By Sean McAdam
BOSTON -- A month before the start of spring training, Terry Francona moved to cut off any debate about one of the spots in his lineup before it got started.
Speaking to reporters before the annual Boston Baseball Writers Association awards dinner, Francona stated: "Marco Scutaro is our shortstop."
In Fort Myers, when the topic was broached again, Francona again made his thoughts on the subject known: Jed Lowrie would get some occasional playing time as Scutaro's backup, fill in around the infield and maybe even DH some.
But the point was clear: Scutaro was the starter.
That was then; this is now.
Now the Red Sox are desperate, or, at the very least, in search of some answers.
Scutaro is not the reason the Red Sox are 2-9, the worst record in Major League Baseball. And the team's problems are such that Jed Lowrie isn't about to fix them by himself, not unless he can suddenly A) pitch and B) help the rest of the lineup overcome its failings with men in scoring position.
That said, the Red Sox need to try something different.
Lowrie banged out two doubles Tuesday night in a frustration-filled 3-2 loss to the Tampa Bay Rays. In his last three games, Lowrie is 6-for-9 with an RBI and a walk and has reached base safely 7 times in his last 10 plate appearances.
"I think when he's swinging it like this," said Francona, "you probably look for ways to get him in the lineup."
"The results are there," said Lowrie of his recent streak. "Thats always nice. But Im really, really happy with the way that Im working right now and my approach. Ive always believed that if I keep that approach the results will be there, and theyre there right now."
Francona isn't about to make any dramatic announcement about Lowrie becoming the new everyday shortstop, because he isn't. Think of the situation like a job share, with, for the time, Scutaro's playing time being reduced somewhat and Lowrie's increased.
Over the winter, there were some in the organization who wanted Lowrie made the starter. He has a higher ceiling offensively than Scutaro, with the ability to drive the ball for extra bases.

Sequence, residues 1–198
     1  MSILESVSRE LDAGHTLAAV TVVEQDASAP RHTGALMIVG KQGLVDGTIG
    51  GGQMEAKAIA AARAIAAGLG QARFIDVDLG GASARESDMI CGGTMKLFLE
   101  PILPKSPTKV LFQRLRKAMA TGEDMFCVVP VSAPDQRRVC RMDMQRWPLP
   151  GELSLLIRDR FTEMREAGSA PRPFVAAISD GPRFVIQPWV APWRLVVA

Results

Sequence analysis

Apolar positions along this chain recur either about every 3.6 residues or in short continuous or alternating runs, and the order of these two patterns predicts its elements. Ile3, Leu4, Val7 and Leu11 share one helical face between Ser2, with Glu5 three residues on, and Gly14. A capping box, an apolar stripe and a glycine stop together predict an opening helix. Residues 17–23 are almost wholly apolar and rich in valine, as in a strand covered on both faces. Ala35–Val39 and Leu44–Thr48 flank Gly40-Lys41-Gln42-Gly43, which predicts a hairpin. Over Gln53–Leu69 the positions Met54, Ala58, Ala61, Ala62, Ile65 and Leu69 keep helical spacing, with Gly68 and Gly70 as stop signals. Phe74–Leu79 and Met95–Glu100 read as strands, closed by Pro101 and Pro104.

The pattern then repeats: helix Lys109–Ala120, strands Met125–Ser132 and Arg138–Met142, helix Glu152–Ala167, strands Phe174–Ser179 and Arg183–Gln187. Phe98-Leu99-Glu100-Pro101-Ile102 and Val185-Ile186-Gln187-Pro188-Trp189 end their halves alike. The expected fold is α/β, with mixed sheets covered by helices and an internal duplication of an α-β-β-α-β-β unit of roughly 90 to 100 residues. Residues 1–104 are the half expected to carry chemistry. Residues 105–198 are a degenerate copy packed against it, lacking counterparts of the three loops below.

The switch-hitting Lowrie showed that ability in the final two months of the season when he compiled an OPS of .907. Against lefties, Lowrie slugged .606.
That was enough to catch the Red Sox' attention and remind them of Lowrie's potential. His problem had been one of durability. Between a hand injury and a case of mononucleosis, Lowrie had been unable to stay (or even get) on the field for the previous season-and-a-half.
But Francona believed he owed Scutaro the courtesy of retaining his job at the start of the year if only for the toughness that Scutaro showed during the injury-plagued 2010 season.
Scutaro continued to play, often in great pain, despite shoulder, neck and arm issues. With the right side of the Red Sox infield already decimated by injuries, Scutaro felt it was his duty to remain in the lineup even though he was far from 100 percent.
Francona couldn't overlook that dedication and knew that putting the job up for grabs in spring training would be unfair to Scutaro.
"If I did that," said Francona said during the spring, "I wouldn't want to play for me."
The manager also recognized that making Scutaro compete for his job in spring training would have an impact in the clubhouse. Scutaro earned his teammates' respect, too, last season, and allowing Lowrie the chance to take the position away would be sending the wrong message to the rest of the clubhouse.
Now, however, Lowrie's going to get a chance to get into the lineup, at least on a more consistent basis than he has been.
Who knows how long this will last? And who knows what Lowrie will do with his opportunity? Not to mention there's no guarantee that one tweak to the everyday lineup will cure what ails the Sox.
But it's a start. And for a team unexpectedly in the division cellar two weeks into the season, it's something.